Cervical Cancer Causes and Risk Factors
The cause of cervical cancer is unknown. Infection with two types of human papillomavirus (HPV), which is transmitted sexually, is strongly associated with cervical and vulvar cancer and is the primary risk factor. Evidence of HPV is found in nearly 80 percent of cervical carcinomas. Human immunodeficiency virus (HIV) infection reduces the immune system's ability to fight infection (including HPV infection) and increases the likelihood that precancerous cells will progress to cancer.
Sexual activity that increases the risk for infection with HPV and HIV and for cervical cancer includes the following:
- Having multiple sexual partners or having sex with a promiscuous partner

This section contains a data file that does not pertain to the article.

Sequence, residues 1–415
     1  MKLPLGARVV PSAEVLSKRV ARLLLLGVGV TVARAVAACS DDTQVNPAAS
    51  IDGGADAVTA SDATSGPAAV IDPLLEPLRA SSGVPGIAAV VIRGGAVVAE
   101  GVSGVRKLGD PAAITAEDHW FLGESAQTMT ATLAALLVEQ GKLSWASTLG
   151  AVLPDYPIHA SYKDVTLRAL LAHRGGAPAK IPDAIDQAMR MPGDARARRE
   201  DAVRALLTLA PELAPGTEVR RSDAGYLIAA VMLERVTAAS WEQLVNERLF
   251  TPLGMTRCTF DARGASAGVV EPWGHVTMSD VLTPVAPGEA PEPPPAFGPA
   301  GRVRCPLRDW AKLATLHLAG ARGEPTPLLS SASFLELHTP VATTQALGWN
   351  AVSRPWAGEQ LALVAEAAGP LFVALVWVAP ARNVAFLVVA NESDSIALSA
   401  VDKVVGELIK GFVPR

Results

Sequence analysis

- History of sexually transmitted disease (STD)
- Sexual intercourse at a young age
In June of 2006, the Food and Drug Administration (FDA) approved a cervical cancer vaccine for girls and women between the ages of 9 and 26. This vaccine (Gardasil) has been shown to protect against the human papillomavirus (HPV).
Women who smoke cigarettes are twice as likely to develop cervical cancer. Chemicals in cigarette smoke may increase the risk by damaging cervical cells.
Other risk factors include age (the condition is rare in women younger than age 15) and race (invasive cancer rates are higher in African Americans, Hispanics, and Native Americans).
In women younger than 30 years of age, regular screening using a test called a Pap smear effectively lowers the risk for developing invasive cervical cancer. This test is used to detect precancerous changes in cervical cells. Women who do not receive regular Pap smears are at increased risk for cervical cancer.
Women who are over the age of 30 have a higher risk for cervical cancer caused by persistent HPV infection. Therefore, cervical cancer screening recommendations in these women also include an HPV test (called the digene HPV test), in addition to regular Pap tests.